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Saint-Sauveur-en-Rue, France

Zimmer C.,CNRS Hubert Curien Multi-disciplinary Institute | Boos M.,Research Agency in Applied Ecology | Petit O.,CNRS Hubert Curien Multi-disciplinary Institute | Robin J.-P.,CNRS Hubert Curien Multi-disciplinary Institute
Journal of Avian Biology | Year: 2010

For passerines the starvation-predation risk theory predicts that birds should decrease their body mass to improve escape flight performance, when predation pressure increases. To investigate whether this theory may apply to large birds, which manage body reserves differently from small passerines, we experimentally increased the predation risk in mallards Anas platyrhynchos. Two groups were disturbed at different frequencies during experimental sessions lasting one week, while a control group was left undisturbed. We found that body mass loss and final wing loading were similar in both disturbed groups and significantly differed from the control group. Food intake in disturbed groups was reduced up to day four of the disturbance session and was lower than in the control group. Altogether our results suggest that disturbed mallards may adjust their body mass to reach a more favorable wing loading, supposedly to improve escape flight performance. Nevertheless, body mass loss in our mallards was double than what has been observed in passerines. This greater mass decrease might be explained by different strategies concerning energy storage. Furthermore, in large birds the predation component of the starvation-predation trade-off might be of greater importance. Hence, the observed relevance of this trade-off over a large size range suggests that the starvation-predation risk theory is of major ecological significance for many animal species. © 2010 The Authors. Source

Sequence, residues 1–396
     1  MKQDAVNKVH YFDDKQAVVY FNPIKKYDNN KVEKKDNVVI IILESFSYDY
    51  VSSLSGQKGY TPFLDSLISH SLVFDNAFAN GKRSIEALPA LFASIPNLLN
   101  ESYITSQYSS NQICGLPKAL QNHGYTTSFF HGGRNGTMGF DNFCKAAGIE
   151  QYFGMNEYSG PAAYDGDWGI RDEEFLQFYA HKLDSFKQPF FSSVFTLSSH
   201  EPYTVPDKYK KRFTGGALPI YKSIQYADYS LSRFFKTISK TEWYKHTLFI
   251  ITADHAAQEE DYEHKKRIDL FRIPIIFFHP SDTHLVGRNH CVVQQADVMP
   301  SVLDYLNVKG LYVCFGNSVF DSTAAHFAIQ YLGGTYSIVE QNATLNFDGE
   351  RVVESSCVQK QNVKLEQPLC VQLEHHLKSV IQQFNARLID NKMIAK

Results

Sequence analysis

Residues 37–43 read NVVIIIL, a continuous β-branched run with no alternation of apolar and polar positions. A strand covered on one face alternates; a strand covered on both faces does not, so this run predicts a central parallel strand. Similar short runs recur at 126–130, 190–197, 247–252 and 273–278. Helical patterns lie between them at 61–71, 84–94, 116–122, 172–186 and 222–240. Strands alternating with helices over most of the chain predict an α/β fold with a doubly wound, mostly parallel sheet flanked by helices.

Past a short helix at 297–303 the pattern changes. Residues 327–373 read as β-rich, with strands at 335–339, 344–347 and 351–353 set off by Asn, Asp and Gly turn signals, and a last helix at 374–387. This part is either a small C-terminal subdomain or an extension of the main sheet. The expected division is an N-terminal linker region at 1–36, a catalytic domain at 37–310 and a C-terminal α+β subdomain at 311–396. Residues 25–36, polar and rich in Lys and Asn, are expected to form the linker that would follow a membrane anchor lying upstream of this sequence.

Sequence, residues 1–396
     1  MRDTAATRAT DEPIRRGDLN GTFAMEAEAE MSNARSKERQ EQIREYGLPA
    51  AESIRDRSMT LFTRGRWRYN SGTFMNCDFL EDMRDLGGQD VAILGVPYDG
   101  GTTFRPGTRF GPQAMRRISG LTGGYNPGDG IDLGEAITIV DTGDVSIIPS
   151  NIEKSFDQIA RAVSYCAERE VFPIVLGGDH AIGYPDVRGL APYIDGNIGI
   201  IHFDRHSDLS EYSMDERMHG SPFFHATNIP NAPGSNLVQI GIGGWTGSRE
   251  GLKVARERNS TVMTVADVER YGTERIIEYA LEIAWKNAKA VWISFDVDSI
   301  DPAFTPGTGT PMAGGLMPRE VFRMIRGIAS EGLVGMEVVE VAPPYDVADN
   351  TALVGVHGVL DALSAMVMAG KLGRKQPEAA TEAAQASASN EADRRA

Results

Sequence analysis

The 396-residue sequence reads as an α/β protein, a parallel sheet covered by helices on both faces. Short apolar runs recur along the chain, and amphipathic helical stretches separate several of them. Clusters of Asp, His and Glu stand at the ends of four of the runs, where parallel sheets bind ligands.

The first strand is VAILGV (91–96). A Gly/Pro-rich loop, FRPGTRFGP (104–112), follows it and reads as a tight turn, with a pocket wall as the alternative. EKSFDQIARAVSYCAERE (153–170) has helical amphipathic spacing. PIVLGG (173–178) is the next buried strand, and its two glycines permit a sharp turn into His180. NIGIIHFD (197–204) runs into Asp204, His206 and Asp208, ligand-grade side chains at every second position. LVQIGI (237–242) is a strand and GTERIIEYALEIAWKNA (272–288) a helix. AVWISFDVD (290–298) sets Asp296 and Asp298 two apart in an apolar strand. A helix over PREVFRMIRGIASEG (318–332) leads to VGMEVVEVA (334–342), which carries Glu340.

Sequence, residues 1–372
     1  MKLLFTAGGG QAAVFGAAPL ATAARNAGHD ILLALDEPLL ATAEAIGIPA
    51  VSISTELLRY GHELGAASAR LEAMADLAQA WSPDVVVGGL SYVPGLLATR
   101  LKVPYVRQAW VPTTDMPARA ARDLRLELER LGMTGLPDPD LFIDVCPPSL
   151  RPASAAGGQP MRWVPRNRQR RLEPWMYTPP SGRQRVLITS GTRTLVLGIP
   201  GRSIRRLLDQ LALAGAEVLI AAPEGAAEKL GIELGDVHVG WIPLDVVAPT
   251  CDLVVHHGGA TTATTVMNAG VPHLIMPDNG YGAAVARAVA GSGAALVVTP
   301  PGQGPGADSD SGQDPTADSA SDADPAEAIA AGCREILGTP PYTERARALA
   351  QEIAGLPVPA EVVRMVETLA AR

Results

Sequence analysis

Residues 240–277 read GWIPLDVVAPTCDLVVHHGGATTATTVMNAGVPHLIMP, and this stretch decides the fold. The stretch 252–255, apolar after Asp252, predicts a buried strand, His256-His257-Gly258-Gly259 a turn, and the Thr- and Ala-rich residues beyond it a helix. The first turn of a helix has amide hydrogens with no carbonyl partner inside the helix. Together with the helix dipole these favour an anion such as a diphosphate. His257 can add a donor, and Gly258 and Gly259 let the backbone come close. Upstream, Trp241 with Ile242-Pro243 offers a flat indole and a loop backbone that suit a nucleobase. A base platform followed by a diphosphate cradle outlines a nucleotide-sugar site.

Ramo C.,CSIC - Donana Biological Station | Amat J.A.,CSIC - Donana Biological Station | Nilsson L.,Lund University | Schricke V.,Office National de la Chasse et de la Faune Sauvage | And 8 more authors.